What kinds of intellectual practices influence the making and remaking of nations? When are intellectuals most and least relevant to developing the nation? How do liberal, socialist, and nationalist intellectuals shape national ideologies? One of the principal debates in the study of nations concerns the relative significance of elites, specifically intellectuals. Intellectuals and the Articulation of the Nation delimits both the role of intellectuals in shaping nations and the impact that the development of nations has on shaping intellectual practices.
Contributors from anthropology, history, literature, political science, and sociology explore the capacities and limits of intellectuals in the formation and restructuring of national identities, in general and in Eastern Europe and the former Soviet Union in particular. Following each essay is a brief intellectual autobiography in which the author's own relationship to nations is explored. The volume concludes with a general theory of national intellectual practice.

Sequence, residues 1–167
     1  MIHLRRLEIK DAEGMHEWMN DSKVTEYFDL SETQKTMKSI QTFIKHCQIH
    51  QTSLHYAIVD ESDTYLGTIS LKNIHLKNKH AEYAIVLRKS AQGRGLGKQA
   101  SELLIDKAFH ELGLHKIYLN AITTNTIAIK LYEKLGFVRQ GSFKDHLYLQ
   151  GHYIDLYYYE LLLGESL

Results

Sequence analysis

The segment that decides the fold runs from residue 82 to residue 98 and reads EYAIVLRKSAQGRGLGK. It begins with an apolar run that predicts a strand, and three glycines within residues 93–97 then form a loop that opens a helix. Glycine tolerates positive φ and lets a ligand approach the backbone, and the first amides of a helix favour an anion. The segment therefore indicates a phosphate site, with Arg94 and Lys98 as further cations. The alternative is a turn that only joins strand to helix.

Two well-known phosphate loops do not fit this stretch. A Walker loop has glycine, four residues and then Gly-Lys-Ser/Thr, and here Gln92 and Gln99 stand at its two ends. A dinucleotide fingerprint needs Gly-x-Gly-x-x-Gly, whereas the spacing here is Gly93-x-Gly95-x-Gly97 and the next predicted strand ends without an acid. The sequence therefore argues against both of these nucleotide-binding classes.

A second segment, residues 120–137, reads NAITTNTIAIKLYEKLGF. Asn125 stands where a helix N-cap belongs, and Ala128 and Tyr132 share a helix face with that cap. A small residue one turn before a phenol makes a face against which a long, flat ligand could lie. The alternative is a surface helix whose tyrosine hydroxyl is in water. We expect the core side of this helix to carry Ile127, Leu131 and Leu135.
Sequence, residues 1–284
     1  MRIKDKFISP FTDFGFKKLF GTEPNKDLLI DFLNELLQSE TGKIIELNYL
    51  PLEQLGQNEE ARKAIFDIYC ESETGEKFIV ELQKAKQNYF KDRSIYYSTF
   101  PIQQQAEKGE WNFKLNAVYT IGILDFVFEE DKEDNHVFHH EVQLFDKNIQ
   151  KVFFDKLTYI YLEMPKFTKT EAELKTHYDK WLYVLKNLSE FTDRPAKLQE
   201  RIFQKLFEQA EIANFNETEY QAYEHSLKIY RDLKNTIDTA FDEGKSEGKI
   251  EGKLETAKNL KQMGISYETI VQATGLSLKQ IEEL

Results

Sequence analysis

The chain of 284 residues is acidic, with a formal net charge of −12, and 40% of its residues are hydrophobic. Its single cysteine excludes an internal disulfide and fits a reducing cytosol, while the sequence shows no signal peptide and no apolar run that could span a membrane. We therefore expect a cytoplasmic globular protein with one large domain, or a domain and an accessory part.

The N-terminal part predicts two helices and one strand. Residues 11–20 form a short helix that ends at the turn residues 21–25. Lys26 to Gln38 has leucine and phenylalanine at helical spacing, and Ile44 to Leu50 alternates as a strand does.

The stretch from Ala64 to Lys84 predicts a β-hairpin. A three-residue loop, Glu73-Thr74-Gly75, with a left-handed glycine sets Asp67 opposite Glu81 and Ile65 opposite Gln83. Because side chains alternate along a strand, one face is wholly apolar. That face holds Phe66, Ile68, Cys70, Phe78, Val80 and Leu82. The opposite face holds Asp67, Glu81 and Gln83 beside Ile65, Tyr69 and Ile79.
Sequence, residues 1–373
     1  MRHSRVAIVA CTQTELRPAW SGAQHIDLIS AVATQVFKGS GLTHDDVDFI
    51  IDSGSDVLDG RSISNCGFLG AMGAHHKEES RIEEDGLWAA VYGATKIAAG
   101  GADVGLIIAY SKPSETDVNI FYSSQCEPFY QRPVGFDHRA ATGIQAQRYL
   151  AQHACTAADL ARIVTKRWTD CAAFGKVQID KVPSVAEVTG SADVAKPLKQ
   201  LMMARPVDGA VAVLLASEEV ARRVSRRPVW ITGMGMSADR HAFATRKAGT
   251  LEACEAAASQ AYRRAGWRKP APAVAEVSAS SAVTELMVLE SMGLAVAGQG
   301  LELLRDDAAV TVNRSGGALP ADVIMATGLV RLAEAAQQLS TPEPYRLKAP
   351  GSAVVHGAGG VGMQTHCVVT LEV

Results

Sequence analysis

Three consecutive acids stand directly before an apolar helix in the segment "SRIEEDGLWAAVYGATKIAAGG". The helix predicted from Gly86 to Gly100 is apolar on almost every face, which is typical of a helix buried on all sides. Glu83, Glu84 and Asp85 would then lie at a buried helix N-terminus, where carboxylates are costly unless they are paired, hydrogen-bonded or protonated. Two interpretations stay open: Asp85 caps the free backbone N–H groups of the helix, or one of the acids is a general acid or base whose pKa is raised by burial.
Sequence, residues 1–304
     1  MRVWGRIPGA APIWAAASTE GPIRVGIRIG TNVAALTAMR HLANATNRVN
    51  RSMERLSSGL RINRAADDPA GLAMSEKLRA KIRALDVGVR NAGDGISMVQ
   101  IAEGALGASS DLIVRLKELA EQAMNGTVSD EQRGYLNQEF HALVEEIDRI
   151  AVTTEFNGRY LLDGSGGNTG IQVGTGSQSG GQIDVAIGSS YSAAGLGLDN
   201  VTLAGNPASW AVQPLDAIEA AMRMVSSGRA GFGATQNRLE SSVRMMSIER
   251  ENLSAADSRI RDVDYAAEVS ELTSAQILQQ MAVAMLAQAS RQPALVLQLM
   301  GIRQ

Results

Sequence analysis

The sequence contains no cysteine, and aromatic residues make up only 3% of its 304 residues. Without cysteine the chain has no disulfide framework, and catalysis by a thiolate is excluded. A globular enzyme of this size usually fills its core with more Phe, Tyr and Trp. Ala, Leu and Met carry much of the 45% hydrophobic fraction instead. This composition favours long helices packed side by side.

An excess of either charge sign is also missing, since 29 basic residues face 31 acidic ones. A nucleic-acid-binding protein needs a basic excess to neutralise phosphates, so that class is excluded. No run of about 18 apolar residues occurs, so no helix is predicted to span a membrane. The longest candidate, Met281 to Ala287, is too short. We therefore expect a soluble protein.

Intellectuals and the Articulation of the Nation will be a key resource for students and scholars of history, cultural studies, political science, anthropology, and sociology.